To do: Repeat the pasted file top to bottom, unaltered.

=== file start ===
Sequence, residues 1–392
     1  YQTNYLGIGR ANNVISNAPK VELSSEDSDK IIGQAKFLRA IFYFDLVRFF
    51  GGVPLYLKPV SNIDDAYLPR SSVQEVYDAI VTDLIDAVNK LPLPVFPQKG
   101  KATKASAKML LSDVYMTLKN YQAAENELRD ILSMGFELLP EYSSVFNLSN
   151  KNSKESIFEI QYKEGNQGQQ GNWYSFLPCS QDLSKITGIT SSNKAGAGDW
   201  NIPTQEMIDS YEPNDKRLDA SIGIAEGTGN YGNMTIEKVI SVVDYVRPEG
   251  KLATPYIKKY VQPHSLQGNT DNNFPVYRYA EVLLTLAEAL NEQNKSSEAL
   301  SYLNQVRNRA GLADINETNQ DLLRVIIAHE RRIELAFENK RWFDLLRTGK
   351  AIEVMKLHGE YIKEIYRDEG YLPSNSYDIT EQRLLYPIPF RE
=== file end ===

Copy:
Sequence, residues 1–392
     1  YQTNYLGIGR ANNVISNAPK VELSSEDSDK IIGQAKFLRA IFYFDLVRFF
    51  GGVPLYLKPV SNIDDAYLPR SSVQEVYDAI VTDLIDAVNK LPLPVFPQKG
   101  KATKASAKML LSDVYMTLKN YQAAENELRD ILSMGFELLP EYSSVFNLSN
   151  KNSKESIFEI QYKEGNQGQQ GNWYSFLPCS QDLSKITGIT SSNKAGAGDW
   201  NIPTQEMIDS YEPNDKRLDA SIGIAEGTGN YGNMTIEKVI SVVDYVRPEG
   251  KLATPYIKKY VQPHSLQGNT DNNFPVYRYA EVLLTLAEAL NEQNKSSEAL
   301  SYLNQVRNRA GLADINETNQ DLLRVIIAHE RRIELAFENK RWFDLLRTGK
   351  AIEVMKLHGE YIKEIYRDEG YLPSNSYDIT EQRLLYPIPF RE